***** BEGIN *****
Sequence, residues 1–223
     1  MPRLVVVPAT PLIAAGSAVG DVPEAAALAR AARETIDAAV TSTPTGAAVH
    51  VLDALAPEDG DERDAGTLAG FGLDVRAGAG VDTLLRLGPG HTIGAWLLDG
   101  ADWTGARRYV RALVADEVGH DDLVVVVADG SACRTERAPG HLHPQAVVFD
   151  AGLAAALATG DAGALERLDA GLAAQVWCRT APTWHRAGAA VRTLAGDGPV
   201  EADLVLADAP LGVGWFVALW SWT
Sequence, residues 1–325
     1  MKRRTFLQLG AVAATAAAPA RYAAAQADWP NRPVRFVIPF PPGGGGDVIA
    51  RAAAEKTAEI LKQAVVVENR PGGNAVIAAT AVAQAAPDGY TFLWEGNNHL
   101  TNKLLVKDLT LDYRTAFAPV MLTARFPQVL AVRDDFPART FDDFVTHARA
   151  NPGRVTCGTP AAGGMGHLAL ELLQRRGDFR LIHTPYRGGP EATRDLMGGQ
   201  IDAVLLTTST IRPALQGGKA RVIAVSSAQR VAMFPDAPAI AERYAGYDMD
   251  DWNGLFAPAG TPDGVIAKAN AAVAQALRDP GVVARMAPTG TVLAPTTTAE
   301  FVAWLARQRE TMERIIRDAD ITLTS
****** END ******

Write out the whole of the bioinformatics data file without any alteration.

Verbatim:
Sequence, residues 1–223
     1  MPRLVVVPAT PLIAAGSAVG DVPEAAALAR AARETIDAAV TSTPTGAAVH
    51  VLDALAPEDG DERDAGTLAG FGLDVRAGAG VDTLLRLGPG HTIGAWLLDG
   101  ADWTGARRYV RALVADEVGH DDLVVVVADG SACRTERAPG HLHPQAVVFD
   151  AGLAAALATG DAGALERLDA GLAAQVWCRT APTWHRAGAA VRTLAGDGPV
   201  EADLVLADAP LGVGWFVALW SWT
Sequence, residues 1–325
     1  MKRRTFLQLG AVAATAAAPA RYAAAQADWP NRPVRFVIPF PPGGGGDVIA
    51  RAAAEKTAEI LKQAVVVENR PGGNAVIAAT AVAQAAPDGY TFLWEGNNHL
   101  TNKLLVKDLT LDYRTAFAPV MLTARFPQVL AVRDDFPART FDDFVTHARA
   151  NPGRVTCGTP AAGGMGHLAL ELLQRRGDFR LIHTPYRGGP EATRDLMGGQ
   201  IDAVLLTTST IRPALQGGKA RVIAVSSAQR VAMFPDAPAI AERYAGYDMD
   251  DWNGLFAPAG TPDGVIAKAN AAVAQALRDP GVVARMAPTG TVLAPTTTAE
   301  FVAWLARQRE TMERIIRDAD ITLTS